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International dementia research project benefits from expertise of UAEU scientist

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A UAEU researcher has played a key role in an international study into the health benefits of B vitamins, which could make a crucial contribution to efforts to combat dementia.

Dr Abderrahim Oulhaj, Assistant Professor in Biostatistics, was part of a team of experts from four countries who have discovered that, while the impact of B vitamin supplements in slowing mental decline among older people with memory problems is well known, their effect could be enhanced with higher levels of Omega-3 fatty acids in the body.

The research group (led by Professor David Smith) – where Dr Oulhaj teamed up with representatives from the University of Oxford, University of Cape Town, and University of Oslo - studied more than 250 people in the UK with mild cognitive impairment (MCI), a condition which leaves brain function below normal expectations and, while not interfering with daily life in itself, can be a gateway to dementia.

Building on the discovery of a link between Omega-3 levels, homocysteine – a B vitamin-related amino acid that can harm the brain – and brain atrophy rates, the scientists set themselves the goal of discovering whether Omega-3 and vitamins might combine to prevent the loss of cognitive abilities.

And, as Dr Oulhaj – who, in his previous role at the University of Oxford, was involved in a research project on memory and ageing from which the outcomes of this latest study are derived – explained: “The findings suggest that a combination treatment of B vitamins and fish oil may help to prevent brain shrinkage, improve thinking and memory in elderly subjects, and, in the long term, reduce the risk of developing dementia, particularly Alzheimer’s disease.”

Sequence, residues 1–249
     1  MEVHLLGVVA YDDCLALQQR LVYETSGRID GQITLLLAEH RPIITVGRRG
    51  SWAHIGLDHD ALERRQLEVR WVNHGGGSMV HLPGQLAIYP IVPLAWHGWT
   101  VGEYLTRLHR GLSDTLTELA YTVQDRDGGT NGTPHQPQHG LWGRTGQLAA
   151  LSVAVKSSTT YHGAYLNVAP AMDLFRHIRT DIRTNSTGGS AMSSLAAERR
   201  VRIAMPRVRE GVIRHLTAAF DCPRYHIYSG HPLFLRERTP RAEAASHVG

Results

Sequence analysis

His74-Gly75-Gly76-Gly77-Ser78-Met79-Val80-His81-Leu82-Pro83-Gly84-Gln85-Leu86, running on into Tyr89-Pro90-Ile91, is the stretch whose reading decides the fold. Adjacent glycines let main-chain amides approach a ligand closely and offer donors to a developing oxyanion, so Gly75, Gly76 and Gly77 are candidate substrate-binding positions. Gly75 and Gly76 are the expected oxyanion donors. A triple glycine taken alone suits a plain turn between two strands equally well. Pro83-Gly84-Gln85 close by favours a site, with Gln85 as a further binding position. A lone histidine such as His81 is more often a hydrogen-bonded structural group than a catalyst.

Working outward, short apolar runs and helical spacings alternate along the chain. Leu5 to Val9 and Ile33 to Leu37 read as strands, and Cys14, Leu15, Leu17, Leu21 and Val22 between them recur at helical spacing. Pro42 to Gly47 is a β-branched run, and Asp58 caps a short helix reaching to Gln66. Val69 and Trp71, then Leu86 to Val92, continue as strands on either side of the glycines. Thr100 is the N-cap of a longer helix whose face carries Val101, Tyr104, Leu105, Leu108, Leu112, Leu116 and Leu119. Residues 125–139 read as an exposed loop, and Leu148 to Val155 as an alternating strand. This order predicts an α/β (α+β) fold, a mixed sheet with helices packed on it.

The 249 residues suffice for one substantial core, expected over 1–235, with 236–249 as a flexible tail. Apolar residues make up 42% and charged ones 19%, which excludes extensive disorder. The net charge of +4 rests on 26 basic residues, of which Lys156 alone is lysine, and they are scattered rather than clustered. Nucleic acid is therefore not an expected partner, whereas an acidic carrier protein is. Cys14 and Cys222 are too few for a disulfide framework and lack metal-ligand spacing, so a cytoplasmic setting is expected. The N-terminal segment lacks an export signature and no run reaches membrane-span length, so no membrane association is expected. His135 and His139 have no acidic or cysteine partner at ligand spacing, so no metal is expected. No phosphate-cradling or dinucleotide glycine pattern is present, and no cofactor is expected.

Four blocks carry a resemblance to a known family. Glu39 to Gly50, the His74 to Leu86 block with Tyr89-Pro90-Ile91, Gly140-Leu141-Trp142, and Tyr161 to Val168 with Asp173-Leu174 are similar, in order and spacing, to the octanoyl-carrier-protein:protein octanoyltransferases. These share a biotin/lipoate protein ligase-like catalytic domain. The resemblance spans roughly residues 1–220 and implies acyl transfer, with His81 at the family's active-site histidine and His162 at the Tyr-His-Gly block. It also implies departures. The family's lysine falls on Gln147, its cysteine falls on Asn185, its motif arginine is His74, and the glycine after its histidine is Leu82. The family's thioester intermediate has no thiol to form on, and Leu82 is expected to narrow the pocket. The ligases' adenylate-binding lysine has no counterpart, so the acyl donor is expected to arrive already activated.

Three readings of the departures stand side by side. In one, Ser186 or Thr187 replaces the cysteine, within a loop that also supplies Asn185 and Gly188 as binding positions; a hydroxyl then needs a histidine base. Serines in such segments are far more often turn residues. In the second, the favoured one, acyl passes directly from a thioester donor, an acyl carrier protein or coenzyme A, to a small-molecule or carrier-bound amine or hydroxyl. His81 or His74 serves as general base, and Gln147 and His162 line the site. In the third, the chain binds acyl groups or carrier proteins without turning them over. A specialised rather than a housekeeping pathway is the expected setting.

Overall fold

Each participant in the study was given a set of cognition-measuring tests, and underwent a blood test to determine the levels of two Omega-3 fatty acids commonly found in oily fish - docosahexaenoic acid (DHA) and eicosapentaenoic acid (EPA) – in their body.

Having been split into two groups, they received either a B vitamin supplement or a placebo pill over two years, with their cognitive performance being monitored and the results compared with baseline data compiled at the outset of the study.

'We found that, for people with low levels of Omega-3, the vitamin supplements had little to no effect,” explained Dr Oulhaj.

“However, for those with high baseline Omega-3 levels, the B vitamins were very effective in preventing cognitive decline compared to the placebo. This result complements our previous finding that B vitamins slow the rate of brain atrophy in MCI only in those with a good Omega-3 level to start with.”

During the study, the team also found that DHA levels may be more important in preventing cognitive decline than EPA levels, with more research being required to ascertain this. The next stage of their project will focus on discovering whether a combination of B vitamins and Omega-3 supplements can slow the transition of MCI to Alzheimer’s disease – a potentially vital step in treatment of the illness.

Dr Doug Brown, Director of Research and Development at the Alzheimer's Society, emphasized the value of the research undertaken by Dr Oulhaj and his colleagues, saying: 'These results help us to tell who could benefit from taking B vitamins, suggesting that they might only improve cognition in people who have high levels of Omega-3 oils in their blood.

“Encouragingly, these findings suggest that, for some older people, a combination of fish oil supplements and B vitamins may help to improve thinking and memory.

“As this study shows, the relationship between nutrition and brain health is complex, and we need to see increased research efforts to help us understand the role that diet and nutrition can play in reducing a person’s risk of dementia.'

 

May 7, 2017